Robust demand for gas is sending pump prices higher in many states, and expected work on the Olympic pipeline is causing some hefty increases in Oregon, Washington, and some other West Coast states. For the week, the national average for regular rises a nickel to $3.59 a gallon. The Oregon average jumps 17 cents to $4.47.
Scheduled work on BP’s Olympic pipeline is expected to start in the next week. This has put upward pressure on wholesale prices in the Pacific Northwest, with the increases being passed on to consumers. The Olympic pipeline runs along a 299-mile route from Blaine, Washington to Portland, Oregon, and transports gas, diesel and jet fuel from four Puget Sound refineries.
“The expected work on the pipeline combined with robust demand for gas are making prices jump here in the Pacific Northwest. With demand for gas in the U.S. remaining above nine million barrels a day for the third consecutive week, it appears that our seasonal surge in driving is getting underway before the official start of summer on June 21,” says Marie Dodds, public affairs director for AAA Oregon/Idaho. “At the same time, crude oil prices in the upper $60s and low $70s are helping to temper pump price hikes in many areas.”
Crude oil prices remain below $75 per barrel, despite the announcement from the Organization of the Petroleum Exporting Countries and other major oil producers, including Russia, known collectively as OPEC+, that it would extend production cuts of more than 1 million b/d through 2024. OPEC+ first announced the production cuts at its April meeting and said the cuts would be in effect through 2023. OPEC+ pumps about 40% of the world’s crude oil.
Crude oil is trading around $69 today compared to $72 a week ago and $121 a year ago. In May, West Texas Intermediate ranged between about $63 and $77 per barrel. In April, WTI ranged between about $73 and $83. In March, WTI ranged between about $64 and $81 per barrel. In February, WTI ranged between about $73 and $80 per barrel. In January, WTI ranged between about $73 and $82 bbl. Crude reached recent highs of $123.70 on March 8, 2022, shortly after the Russian invasion of Ukraine, and $122.11 per barrel on June 8, 2022. The all-time high for WTI crude oil is $147.27 in July 2008.
Crude oil is the main ingredient in gasoline and diesel, so pump prices are impacted by crude prices on the global markets. On average, about 56% of what we pay for in a gallon of gasoline is for the price of crude oil, 20% is refining, 11% distribution and marketing, and 14% are taxes, according to the U.S. Energy Information Administration.
Demand for gasoline in the U.S. demand increased slightly from 9.1 to 9.22 million b/d for the week ending June 2. This compares to 9.2 million b/d a year ago. Meanwhile, total domestic gasoline stocks rose by 2.7 million bbl to 218.8 million bbl. Although gas demand increased, increasing stocks and fluctuating oil prices have contributed to limiting increases.
Oregon is one of 35 states and the District of Columbia with higher prices now than a week ago. Ohio (+23 cents) has the largest weekly jump. Arizona (- 4 cents) has the largest weekly decrease.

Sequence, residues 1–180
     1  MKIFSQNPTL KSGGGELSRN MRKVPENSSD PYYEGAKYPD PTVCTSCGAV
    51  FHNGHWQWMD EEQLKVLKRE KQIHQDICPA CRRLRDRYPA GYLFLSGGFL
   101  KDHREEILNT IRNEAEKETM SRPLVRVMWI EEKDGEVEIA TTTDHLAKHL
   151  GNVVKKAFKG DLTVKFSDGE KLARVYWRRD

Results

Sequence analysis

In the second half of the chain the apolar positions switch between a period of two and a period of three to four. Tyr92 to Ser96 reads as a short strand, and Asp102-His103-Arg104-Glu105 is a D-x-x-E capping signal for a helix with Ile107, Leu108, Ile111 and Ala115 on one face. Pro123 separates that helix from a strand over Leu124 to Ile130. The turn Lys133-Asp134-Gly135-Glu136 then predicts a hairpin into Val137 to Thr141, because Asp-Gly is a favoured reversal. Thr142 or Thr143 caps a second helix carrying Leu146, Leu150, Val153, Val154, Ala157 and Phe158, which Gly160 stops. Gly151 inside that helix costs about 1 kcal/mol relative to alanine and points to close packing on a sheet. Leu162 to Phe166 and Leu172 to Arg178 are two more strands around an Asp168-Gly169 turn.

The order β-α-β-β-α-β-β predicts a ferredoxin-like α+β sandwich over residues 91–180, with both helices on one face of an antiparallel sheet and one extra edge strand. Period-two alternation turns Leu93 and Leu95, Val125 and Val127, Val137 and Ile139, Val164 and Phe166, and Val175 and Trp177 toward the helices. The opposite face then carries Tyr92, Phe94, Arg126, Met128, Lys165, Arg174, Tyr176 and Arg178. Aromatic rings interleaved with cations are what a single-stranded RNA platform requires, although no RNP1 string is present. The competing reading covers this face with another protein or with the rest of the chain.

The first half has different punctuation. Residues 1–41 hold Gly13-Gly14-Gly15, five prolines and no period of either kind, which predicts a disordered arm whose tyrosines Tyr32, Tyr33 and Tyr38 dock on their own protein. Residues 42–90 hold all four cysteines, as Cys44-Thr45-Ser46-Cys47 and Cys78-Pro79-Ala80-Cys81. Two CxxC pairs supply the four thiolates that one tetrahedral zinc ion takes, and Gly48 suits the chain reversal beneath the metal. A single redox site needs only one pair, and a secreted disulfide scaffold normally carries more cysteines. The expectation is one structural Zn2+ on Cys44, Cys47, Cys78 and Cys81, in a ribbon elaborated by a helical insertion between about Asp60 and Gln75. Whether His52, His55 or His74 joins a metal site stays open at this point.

California ($4.90) has the most expensive gas in the nation for the 15th week in a row. Washington ($4.83) is second, Hawaii ($4.74) is third, Oregon ($4.47) is fourth, Nevada ($4.29) is fifth, Arizona ($4.26) is sixth, Utah ($4.14) is seventh, and Alaska ($4.04) is eighth. These are the eight states with averages at or above $4 a gallon. This week 41 states and the District of Columbia have averages in the $3-range. One state, Mississippi ($2.99) has an average in the $2 range this week, same as a week ago.
The cheapest gas in the nation is in Mississippi ($2.99) and Louisiana ($3.12). For the 126th week in a row, no state has an average below $2 a gallon.
The difference between the most expensive and least expensive states is $1.90 this week, same as a week ago.
Oregon is one of 42 states and the District of Columbia with higher prices now than a month ago. The national average is six cents more and the Oregon average is 34 cents more than a month ago. This is the largest monthly increase in the nation. Arizona (-41 cents) has the largest monthly drop.
All 50 states and the District of Columbia have lower prices now than a year ago. The national average is $1.42 less and the Oregon average is $1.07 less than a year ago. Indiana (-$1.60) has the largest yearly drop. Washington (-71 cents) has the smallest. A year ago, pump prices were rising rapidly after the Russian invasion of Ukraine.
The West Coast region continues to have the most expensive pump prices in the nation with all seven states in the top 10. It’s typical for the West Coast to have six or seven states in the top 10 as this region tends to consistently have fairly tight supplies, consuming about as much gasoline as is produced. In addition, this region is located relatively far from parts of the country where oil drilling, production and refining occurs, so transportation costs are higher. And environmental programs in this region add to the cost of production, storage and distribution.
For the week, the national average slips a penny to $3.91 a gallon. The record high is $5.816 set on June 19, 2022. The Oregon average dips a penny to $4.41. The record high is $6.47 set on July 3, 2022. A year ago the national average for diesel was $5.77 and the Oregon average was $6.15.